Challenges in the use of the mental health information system in a resource-limited setting : lessons from Ghana

Kpobi, Lily ; Swartz, Leslie ; Ofori-Atta, Angela L. (2018-02-08)

CITATION: Kpobi, L., Swartz, L. & Ofori-Atta, A. L. 2018. Challenges in the use of the mental health information system in a resource-limited setting : lessons from Ghana. BMC Health Services Research, 18:98, doi:10.1186/s12913-018-2887-2.

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Publication of this article was funded by the Stellenbosch University Open Access Fund.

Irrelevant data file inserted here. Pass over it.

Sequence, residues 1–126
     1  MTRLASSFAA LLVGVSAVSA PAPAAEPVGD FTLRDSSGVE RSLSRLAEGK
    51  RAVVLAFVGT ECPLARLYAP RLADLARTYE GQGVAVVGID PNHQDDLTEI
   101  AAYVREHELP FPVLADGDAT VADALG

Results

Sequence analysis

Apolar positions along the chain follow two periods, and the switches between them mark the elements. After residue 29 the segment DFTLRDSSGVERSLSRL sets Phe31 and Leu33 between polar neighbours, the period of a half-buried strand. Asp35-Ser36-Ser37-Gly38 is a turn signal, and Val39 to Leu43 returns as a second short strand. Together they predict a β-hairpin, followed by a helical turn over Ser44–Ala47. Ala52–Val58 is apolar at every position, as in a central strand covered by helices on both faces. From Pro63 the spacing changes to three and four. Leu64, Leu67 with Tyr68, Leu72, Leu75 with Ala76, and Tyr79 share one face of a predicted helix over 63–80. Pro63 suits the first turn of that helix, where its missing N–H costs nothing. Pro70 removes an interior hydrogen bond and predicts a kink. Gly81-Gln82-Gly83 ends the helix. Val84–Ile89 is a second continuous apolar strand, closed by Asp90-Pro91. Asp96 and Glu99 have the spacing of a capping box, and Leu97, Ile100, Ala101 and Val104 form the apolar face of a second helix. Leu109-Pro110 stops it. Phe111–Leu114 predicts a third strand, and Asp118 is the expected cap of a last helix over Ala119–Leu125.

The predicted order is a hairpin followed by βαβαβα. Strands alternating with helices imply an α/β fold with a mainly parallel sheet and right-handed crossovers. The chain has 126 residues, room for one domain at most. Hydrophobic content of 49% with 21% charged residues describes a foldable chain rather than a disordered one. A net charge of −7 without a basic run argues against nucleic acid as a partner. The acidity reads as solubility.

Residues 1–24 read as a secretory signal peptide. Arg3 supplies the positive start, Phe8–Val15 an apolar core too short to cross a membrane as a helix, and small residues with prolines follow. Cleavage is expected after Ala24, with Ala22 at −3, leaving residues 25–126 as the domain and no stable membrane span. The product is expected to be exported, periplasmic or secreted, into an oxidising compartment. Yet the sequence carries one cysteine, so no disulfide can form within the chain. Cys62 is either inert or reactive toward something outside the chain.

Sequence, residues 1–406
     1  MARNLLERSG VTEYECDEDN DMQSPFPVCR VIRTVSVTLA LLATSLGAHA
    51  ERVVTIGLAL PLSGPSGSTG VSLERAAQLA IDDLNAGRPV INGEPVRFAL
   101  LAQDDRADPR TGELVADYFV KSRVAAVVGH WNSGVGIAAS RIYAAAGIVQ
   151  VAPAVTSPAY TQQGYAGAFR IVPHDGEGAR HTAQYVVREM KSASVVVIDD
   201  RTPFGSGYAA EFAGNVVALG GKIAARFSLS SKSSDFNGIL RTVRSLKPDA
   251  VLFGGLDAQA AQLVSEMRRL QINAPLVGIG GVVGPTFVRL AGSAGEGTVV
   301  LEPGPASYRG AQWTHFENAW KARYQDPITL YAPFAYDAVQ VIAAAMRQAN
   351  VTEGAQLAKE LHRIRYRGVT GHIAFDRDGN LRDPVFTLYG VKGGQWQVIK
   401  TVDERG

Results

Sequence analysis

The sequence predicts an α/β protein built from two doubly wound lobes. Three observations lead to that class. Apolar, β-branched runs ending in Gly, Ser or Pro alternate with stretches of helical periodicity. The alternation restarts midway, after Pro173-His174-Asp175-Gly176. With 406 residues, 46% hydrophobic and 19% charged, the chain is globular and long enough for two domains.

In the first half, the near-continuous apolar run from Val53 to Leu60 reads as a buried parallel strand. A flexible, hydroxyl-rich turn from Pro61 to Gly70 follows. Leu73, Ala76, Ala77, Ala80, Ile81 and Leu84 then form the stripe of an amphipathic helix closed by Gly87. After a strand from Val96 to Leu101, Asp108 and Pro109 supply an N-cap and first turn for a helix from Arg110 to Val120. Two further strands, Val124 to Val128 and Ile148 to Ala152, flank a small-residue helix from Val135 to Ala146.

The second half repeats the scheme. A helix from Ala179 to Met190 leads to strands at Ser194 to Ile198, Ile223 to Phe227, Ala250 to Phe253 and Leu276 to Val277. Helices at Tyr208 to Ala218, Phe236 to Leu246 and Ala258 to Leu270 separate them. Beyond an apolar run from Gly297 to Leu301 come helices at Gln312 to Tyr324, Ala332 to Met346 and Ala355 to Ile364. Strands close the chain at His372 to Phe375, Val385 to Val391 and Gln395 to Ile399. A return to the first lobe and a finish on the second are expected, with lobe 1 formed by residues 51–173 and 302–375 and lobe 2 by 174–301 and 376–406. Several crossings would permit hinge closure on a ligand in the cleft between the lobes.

Background: One of the most successful modes of record-keeping and data collection is the use of health management information systems, where patient information and management plans are uniformly entered into a database to streamline the information and for ease of further patient management. For mental healthcare, a Mental Health Information System (MHIS) has been found most successful since a properly established and operational MHIS is helpful for developing equitable and appropriate mental health care systems. Until 2010, the system of keeping patient records and information in the Accra Psychiatric Hospital of Ghana was old and outdated. In light of this and other factors, a complete reforming of the mental health information systems in three psychiatric hospitals in Ghana was undertaken in 2010. Four years after its implementation, we explored user experiences with the new system, and report here the challenges that were identified with use of the new MHIS. Methods: Individual semi-structured interviews were conducted with nine clinical and administrative staff of the Accra Psychiatric Hospital to examine their experiences with the new MHIS. Participants in the study were in three categories: clinical staff, administrator, and records clerk. Participants’ knowledge of the system and its use, as well as the challenges they had experienced in its use were explored using an interpretative phenomenological approach. Results: The data suggest that optimal use of the current MHIS had faced significant implementation challenges in a number of areas. Central challenges reported by users included increased workload, poor staff involvement and training, and absence of logistic support to keep the system running. Conclusions: Setting up a new system does not guarantee its success. As important as it is to have a mental health information system, its usefulness is largely dependent on proper implementation and maintenance. Further, the system can facilitate policy transformation only when the place of mental health in district, regional and national health discourse improves.

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